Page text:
Senate bill would restrict EPA veto power
Republican senators proposed legislation yesterday to restrict EPA's ability to ax or restrict water pollution permits following the derailment of at least two major mining projects.
The "Regulatory Certainty Act" would severely limit the time frame in which EPA could exercise its authority under Section 404(c) of the Clean Water Act to negate or change dredge-and-fill permits issued by the U.S. Army Corps of Engineers.
"Because of overreach by the previous administration, the system has been manipulated to unfairly and arbitrarily block certain projects or even stop them in their tracks after they've already been given the green light," said Sen. Shelley Moore Capito (R-W.Va.), lead sponsor of the companion to H.R. 2917 introduced last year (Greenwire, June 16, 2017).
EPA has issued 13 vetoes since 1980, but two separate actions under President Obama rankled industry and conservatives.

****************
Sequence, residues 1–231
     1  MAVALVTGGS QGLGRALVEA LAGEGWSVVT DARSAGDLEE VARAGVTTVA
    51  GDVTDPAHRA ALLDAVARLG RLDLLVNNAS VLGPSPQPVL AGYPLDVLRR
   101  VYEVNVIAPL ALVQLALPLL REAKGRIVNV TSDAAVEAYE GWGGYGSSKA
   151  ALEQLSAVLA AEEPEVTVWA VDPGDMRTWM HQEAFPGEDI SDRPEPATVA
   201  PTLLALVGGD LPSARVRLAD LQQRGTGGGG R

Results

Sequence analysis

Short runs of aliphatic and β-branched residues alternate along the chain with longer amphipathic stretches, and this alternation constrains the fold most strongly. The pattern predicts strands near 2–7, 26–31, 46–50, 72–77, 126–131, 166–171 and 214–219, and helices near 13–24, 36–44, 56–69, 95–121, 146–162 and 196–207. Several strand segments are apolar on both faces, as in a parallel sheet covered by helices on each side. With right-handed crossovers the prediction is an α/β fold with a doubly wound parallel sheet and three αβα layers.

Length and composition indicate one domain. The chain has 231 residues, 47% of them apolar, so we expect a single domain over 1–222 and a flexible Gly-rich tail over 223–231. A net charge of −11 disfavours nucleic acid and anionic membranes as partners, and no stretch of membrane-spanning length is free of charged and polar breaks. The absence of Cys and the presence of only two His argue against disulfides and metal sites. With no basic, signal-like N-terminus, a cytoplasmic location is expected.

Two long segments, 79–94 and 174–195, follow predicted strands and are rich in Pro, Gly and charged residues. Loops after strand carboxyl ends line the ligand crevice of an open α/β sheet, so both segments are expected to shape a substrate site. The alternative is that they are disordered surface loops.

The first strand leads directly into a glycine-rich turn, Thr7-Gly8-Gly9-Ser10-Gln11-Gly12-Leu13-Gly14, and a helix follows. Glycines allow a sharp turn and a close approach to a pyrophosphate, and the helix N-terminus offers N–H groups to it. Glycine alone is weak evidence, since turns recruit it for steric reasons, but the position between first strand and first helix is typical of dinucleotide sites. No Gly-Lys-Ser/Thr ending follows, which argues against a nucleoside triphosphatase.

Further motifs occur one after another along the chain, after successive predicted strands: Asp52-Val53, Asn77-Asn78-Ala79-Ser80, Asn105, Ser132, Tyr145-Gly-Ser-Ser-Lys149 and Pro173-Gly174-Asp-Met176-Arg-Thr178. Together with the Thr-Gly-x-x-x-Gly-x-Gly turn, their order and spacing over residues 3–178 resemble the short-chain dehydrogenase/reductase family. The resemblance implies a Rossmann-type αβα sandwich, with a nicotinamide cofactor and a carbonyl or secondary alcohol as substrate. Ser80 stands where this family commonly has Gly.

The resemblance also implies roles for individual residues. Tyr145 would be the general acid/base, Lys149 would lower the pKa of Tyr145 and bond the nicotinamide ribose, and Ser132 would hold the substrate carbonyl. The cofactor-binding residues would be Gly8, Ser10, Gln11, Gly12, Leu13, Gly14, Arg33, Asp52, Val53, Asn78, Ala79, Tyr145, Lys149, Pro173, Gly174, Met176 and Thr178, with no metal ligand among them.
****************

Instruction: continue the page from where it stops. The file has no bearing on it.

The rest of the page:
In 2011, EPA rejected permits for the Spruce mine, a mountaintop-removal coal operation in West Virginia, several years after the Army Corps approved them.
Three years later, the agency proposed restrictions to protect Alaska salmon fishing hub Bristol Bay from mining before the company behind the massive Pebble project had submitted a permit application.
The new bill would eliminate both pre-emptive and retroactive vetoes, giving EPA only 30 consecutive days to take action between when the Army Corps sends notification of a dredge-and-fill application and a permit is issued.
"The Obama-era EPA abused the regulatory process, using bureaucratic overreach to delay or block previously approved projects," Sen. Jim Inhofe (R-Okla.) said in a statement.
"This legislation clarifies existing law to promote timely and thorough consideration of 404 permits and eliminate unfair and confusing permitting actions in order to support our domestic energy production."
By: Dylan Brown
Source: E&E News
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